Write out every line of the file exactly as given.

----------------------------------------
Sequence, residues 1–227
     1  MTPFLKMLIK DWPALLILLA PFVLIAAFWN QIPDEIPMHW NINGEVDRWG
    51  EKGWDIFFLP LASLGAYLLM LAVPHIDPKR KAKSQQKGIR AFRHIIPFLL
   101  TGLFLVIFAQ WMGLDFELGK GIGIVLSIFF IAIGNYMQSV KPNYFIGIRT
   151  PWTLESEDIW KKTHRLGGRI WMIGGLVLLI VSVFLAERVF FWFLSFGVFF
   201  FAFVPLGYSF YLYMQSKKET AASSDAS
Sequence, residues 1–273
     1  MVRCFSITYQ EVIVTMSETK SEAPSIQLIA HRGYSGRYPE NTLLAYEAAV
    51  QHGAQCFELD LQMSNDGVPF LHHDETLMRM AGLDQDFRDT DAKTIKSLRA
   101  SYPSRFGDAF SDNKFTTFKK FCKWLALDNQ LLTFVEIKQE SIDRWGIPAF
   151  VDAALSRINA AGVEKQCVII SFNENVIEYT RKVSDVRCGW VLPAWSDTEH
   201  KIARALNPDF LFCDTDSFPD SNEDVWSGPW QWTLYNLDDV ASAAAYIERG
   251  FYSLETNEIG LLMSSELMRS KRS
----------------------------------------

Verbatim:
Sequence, residues 1–227
     1  MTPFLKMLIK DWPALLILLA PFVLIAAFWN QIPDEIPMHW NINGEVDRWG
    51  EKGWDIFFLP LASLGAYLLM LAVPHIDPKR KAKSQQKGIR AFRHIIPFLL
   101  TGLFLVIFAQ WMGLDFELGK GIGIVLSIFF IAIGNYMQSV KPNYFIGIRT
   151  PWTLESEDIW KKTHRLGGRI WMIGGLVLLI VSVFLAERVF FWFLSFGVFF
   201  FAFVPLGYSF YLYMQSKKET AASSDAS
Sequence, residues 1–273
     1  MVRCFSITYQ EVIVTMSETK SEAPSIQLIA HRGYSGRYPE NTLLAYEAAV
    51  QHGAQCFELD LQMSNDGVPF LHHDETLMRM AGLDQDFRDT DAKTIKSLRA
   101  SYPSRFGDAF SDNKFTTFKK FCKWLALDNQ LLTFVEIKQE SIDRWGIPAF
   151  VDAALSRINA AGVEKQCVII SFNENVIEYT RKVSDVRCGW VLPAWSDTEH
   201  KIARALNPDF LFCDTDSFPD SNEDVWSGPW QWTLYNLDDV ASAAAYIERG
   251  FYSLETNEIG LLMSSELMRS KRS